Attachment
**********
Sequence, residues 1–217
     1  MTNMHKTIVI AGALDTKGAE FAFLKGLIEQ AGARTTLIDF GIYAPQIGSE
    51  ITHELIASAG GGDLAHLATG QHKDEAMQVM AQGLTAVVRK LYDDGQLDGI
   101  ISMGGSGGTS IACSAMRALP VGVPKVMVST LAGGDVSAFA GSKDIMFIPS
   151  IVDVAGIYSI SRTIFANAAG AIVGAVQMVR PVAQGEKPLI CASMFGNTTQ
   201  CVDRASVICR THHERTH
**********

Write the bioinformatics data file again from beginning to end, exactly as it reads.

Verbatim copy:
Sequence, residues 1–217
     1  MTNMHKTIVI AGALDTKGAE FAFLKGLIEQ AGARTTLIDF GIYAPQIGSE
    51  ITHELIASAG GGDLAHLATG QHKDEAMQVM AQGLTAVVRK LYDDGQLDGI
   101  ISMGGSGGTS IACSAMRALP VGVPKVMVST LAGGDVSAFA GSKDIMFIPS
   151  IVDVAGIYSI SRTIFANAAG AIVGAVQMVR PVAQGEKPLI CASMFGNTTQ
   201  CVDRASVICR THHERTH